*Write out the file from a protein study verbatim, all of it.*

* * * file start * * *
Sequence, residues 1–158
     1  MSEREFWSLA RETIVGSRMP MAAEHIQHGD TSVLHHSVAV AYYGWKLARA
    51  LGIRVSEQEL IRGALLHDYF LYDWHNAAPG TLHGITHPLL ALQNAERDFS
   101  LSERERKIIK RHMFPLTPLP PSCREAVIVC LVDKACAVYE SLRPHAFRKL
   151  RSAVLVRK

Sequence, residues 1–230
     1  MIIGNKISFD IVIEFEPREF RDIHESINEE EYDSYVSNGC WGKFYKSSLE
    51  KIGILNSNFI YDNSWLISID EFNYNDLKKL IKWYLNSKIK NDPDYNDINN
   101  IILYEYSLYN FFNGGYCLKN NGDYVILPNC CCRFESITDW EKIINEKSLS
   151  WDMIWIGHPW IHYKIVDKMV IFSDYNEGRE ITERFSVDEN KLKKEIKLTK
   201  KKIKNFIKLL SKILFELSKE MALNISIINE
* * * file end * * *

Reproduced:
Sequence, residues 1–158
     1  MSEREFWSLA RETIVGSRMP MAAEHIQHGD TSVLHHSVAV AYYGWKLARA
    51  LGIRVSEQEL IRGALLHDYF LYDWHNAAPG TLHGITHPLL ALQNAERDFS
   101  LSERERKIIK RHMFPLTPLP PSCREAVIVC LVDKACAVYE SLRPHAFRKL
   151  RSAVLVRK

Sequence, residues 1–230
     1  MIIGNKISFD IVIEFEPREF RDIHESINEE EYDSYVSNGC WGKFYKSSLE
    51  KIGILNSNFI YDNSWLISID EFNYNDLKKL IKWYLNSKIK NDPDYNDINN
   101  IILYEYSLYN FFNGGYCLKN NGDYVILPNC CCRFESITDW EKIINEKSLS
   151  WDMIWIGHPW IHYKIVDKMV IFSDYNEGRE ITERFSVDEN KLKKEIKLTK
   201  KKIKNFIKLL SKILFELSKE MALNISIINE